On a retail high, we drove to Coeur d’Alene, Idaho, to track down a vintage shop my friend Thom had recommended. Farther down 4th street, we hit a thrift store Bermuda triangle. I caught two stores back to back, then we regrouped for happy hour. Happily, we spotted a sizeable Goodwill that was open till 7 on our way out of town! Happy!
Love takes many different shapes, and one of them is a man in a plaid scarf, reading his book on a Goodwill couch, tuning out a little girl banging on a nearby used piano, while you scout out a fitting room to try on your treasure.
John snapped this view of the Spokane River along the Centennial Trail
(in my head, I sing "working on some night ducks...").

Sunday, January 9, 2011

What Do You Got?

I don’t think of myself as snitty about grammar. Yes, I have a Ph.D. in Literature and Creative Writing, but I don’t sit around critiquing friends’ emails and Facebook posts. I don’t use red pen on student homework unless it’s the only thing I can find in the bottom of my granny purse or the cobwebby corner of a desk drawer. In a moment of haste, I too have inadvertently typed “it’s” for “its,” or lost my way in the thicket of there, their, they’re.
She who has not split an infinitive cast the first stone.
That said, I do enjoy moments when language shows evidence of bending in a way its authors did not intend. It’s a surefire stay against boredom. The world is replete with these delightful gaffes, such as those chronicled in the "blog" of "unnecessary" quotations.
This morning, a high school’s marquee flashed: “Come here / wonderful music.” I didn’t pause to read the other screens, which must have included info about an upcoming concert. I liked that the first screen was, in fact, a curling index finger beckoning “wonderful music” to visit the school. Come here!

I found this henna tattoo stencil at the Purple Moon (full of crystals,
geodes, bamboo plants, incense, scimitars and wind chimes)
in Lava Hot Springs, Idaho.

Just before New Year’s, John and I spent a couple of days in Lava Hot Springs, Idaho (about 2.5 hours from Salt Lake City, and with a little bit of a detour, it can be en route to the Tetons). The temperature outside dropped to single digits, but most of the pools were over 100 degrees. It’s hard not to relax when the steam from the pools mingles with strings of Christmas lights and frosted tree branches overhead. Your feet tingle when you first get in the water because you’re so cold and it’s so hot. Then you chug your Nalgene because you’re so toasty. Your hair freezes on your head. Your boyfriend says “your chin hairs have ice crystals on them” and you don’t get mad or even embarrassed because these mineral waters have healing properties. By now you’re lasagna, and lasagna noodles don’t get mad or embarrassed. Yes, you have chin hairs. Some of them are downy, and some are bristles from the sea-hag’s hairbrush. In a place as magical as Lava Hot Springs, though, your frosted chain hair just gives you more shine.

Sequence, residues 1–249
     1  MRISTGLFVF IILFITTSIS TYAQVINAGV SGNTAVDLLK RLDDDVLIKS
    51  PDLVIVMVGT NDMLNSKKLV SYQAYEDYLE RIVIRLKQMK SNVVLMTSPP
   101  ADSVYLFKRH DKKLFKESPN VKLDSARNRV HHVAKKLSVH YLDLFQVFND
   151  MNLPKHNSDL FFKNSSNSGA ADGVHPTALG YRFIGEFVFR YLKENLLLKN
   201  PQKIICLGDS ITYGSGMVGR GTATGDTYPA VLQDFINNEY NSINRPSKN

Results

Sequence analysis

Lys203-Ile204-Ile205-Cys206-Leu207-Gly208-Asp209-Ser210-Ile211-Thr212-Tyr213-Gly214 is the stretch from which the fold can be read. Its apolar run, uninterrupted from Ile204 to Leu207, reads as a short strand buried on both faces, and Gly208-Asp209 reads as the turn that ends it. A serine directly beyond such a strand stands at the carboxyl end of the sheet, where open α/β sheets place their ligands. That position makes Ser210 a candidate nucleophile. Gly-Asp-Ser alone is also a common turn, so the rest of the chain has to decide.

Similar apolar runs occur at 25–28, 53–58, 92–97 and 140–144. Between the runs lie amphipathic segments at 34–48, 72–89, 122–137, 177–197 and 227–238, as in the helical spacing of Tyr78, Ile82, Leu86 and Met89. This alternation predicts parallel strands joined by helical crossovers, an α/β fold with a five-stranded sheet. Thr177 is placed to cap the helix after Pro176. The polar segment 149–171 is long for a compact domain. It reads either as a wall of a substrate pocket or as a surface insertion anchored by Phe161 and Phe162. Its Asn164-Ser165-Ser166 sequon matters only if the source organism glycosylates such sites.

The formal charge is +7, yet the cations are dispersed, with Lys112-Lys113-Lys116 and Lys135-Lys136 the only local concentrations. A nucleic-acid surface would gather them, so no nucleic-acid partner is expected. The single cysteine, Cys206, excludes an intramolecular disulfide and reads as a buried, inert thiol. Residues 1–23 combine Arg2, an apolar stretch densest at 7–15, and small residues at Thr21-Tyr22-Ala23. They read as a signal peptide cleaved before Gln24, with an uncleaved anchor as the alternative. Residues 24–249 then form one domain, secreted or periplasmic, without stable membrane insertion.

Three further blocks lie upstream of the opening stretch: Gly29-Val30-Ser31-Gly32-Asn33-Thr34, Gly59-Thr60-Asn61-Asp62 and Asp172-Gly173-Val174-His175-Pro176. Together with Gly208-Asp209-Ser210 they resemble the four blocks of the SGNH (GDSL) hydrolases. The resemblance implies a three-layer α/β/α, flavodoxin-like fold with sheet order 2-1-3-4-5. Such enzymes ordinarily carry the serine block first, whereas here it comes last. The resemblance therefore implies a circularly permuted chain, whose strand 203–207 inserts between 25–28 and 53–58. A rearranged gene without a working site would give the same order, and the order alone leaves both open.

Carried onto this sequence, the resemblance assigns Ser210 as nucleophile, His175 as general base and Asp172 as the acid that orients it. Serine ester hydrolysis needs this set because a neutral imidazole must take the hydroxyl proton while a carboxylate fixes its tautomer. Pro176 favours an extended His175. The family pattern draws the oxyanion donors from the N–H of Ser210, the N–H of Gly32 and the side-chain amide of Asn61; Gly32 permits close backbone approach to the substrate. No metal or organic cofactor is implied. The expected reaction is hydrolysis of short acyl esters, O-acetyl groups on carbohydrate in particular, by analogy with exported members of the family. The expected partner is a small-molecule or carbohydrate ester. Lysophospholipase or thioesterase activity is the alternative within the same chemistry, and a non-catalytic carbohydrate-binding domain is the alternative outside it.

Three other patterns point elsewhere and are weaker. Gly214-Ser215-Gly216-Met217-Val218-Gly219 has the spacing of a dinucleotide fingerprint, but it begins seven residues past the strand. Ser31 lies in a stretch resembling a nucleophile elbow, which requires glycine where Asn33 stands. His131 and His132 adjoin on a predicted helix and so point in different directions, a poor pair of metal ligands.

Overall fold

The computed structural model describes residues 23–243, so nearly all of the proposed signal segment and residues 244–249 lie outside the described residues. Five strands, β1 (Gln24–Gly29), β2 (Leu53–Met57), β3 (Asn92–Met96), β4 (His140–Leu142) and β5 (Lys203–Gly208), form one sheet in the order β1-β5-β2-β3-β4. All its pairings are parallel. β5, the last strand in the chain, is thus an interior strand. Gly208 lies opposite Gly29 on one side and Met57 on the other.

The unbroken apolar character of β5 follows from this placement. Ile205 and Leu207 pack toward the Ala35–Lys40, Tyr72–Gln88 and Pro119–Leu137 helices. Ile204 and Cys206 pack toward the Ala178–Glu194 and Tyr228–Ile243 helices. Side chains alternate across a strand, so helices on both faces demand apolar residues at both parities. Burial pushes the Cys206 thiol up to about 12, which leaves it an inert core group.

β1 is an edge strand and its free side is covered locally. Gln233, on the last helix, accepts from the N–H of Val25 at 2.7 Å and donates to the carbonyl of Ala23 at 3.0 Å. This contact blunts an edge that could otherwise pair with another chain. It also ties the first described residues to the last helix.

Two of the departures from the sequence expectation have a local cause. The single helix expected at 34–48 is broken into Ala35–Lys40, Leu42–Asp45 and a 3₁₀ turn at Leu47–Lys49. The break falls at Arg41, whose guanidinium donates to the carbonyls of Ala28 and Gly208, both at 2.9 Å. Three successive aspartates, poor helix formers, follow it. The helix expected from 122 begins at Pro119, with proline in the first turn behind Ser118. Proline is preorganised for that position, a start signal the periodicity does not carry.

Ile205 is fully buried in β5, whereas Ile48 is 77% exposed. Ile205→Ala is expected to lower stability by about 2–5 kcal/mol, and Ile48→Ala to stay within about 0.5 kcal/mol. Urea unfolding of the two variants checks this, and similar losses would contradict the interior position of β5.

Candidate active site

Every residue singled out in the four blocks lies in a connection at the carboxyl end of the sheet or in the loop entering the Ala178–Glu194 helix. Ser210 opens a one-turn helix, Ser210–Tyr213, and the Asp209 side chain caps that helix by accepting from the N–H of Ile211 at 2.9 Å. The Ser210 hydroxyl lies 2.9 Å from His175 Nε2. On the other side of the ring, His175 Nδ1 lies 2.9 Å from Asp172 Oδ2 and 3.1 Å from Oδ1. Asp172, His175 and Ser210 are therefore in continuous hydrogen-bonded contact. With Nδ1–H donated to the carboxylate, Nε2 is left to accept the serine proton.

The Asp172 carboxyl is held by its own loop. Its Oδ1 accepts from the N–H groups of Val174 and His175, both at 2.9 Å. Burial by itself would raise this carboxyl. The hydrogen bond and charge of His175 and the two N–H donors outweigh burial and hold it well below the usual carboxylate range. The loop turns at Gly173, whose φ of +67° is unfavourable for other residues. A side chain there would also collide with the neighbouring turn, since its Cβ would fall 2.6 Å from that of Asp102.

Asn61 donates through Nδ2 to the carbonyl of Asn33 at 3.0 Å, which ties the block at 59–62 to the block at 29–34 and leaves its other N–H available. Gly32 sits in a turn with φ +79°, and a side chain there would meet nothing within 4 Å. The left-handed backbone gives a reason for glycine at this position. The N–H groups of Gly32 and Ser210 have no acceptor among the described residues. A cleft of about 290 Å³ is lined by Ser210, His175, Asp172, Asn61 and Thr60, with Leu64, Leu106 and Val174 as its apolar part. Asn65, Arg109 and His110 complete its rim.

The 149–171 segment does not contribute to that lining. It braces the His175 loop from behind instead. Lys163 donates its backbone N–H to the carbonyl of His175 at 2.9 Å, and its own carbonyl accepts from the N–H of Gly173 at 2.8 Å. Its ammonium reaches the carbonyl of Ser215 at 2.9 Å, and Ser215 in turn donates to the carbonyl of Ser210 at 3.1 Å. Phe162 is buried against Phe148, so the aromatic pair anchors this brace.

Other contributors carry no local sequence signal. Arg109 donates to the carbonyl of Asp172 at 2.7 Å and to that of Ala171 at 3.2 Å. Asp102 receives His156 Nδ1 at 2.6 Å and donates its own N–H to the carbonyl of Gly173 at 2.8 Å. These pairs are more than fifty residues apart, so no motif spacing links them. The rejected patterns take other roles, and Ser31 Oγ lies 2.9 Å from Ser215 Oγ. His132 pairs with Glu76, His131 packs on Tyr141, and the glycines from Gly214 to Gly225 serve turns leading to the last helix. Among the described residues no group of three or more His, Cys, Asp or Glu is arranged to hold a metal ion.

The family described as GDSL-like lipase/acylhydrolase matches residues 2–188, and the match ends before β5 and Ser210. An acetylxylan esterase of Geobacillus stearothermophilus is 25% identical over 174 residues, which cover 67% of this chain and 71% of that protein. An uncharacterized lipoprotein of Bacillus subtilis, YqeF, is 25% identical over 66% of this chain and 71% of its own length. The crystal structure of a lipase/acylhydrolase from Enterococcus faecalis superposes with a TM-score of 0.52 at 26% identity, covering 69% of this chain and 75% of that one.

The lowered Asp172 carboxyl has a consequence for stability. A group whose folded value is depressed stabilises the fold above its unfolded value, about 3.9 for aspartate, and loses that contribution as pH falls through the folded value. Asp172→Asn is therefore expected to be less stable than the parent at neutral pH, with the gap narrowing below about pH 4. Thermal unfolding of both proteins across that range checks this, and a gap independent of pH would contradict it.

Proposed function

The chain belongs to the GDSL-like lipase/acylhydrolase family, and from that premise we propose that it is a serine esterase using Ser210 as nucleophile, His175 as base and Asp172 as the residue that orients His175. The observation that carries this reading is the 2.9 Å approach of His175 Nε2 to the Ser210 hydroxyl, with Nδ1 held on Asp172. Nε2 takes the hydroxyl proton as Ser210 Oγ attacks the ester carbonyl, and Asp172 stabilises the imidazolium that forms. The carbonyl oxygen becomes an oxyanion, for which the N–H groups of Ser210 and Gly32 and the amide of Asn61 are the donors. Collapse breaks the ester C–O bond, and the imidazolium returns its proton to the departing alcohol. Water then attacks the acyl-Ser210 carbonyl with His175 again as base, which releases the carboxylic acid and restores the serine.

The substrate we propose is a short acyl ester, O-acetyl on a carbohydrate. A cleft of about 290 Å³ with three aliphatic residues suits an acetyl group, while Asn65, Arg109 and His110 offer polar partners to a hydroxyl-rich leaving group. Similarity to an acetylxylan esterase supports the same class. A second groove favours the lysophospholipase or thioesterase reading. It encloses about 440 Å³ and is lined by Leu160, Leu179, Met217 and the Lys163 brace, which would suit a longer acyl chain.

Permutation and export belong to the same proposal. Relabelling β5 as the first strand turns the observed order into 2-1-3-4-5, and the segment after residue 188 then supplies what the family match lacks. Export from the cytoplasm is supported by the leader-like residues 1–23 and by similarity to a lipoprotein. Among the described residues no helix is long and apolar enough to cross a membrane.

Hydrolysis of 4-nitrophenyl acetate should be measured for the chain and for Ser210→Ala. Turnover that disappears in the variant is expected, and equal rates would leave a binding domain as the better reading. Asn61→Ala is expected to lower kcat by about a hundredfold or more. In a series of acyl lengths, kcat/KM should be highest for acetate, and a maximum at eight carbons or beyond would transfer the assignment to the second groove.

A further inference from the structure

When we left Lava, we stopped in Soda Springs, Idaho, to see the world’s only manmade geyser. It spouts on the hour every hour. The geyser and visitors center share a parking lot with the Dog House bar. One of the observation decks was decorated with a wooden nativity scene and a tinsel star of David. John and I had some time to kill before the next eruption, so we shared a pint at the Dog House and looked at the taxidermy deer heads and the dollar bills taped to the wall like bricks, each with a handwritten message, many of them documenting the passing of a birthday or success in consuming a specified and impresive quantity of alcohol. One dollar bill near the Michelob mirror posed a question that’s been heavy on my mind: WITHOUT FAMILY, WHAT DO YOU GOT?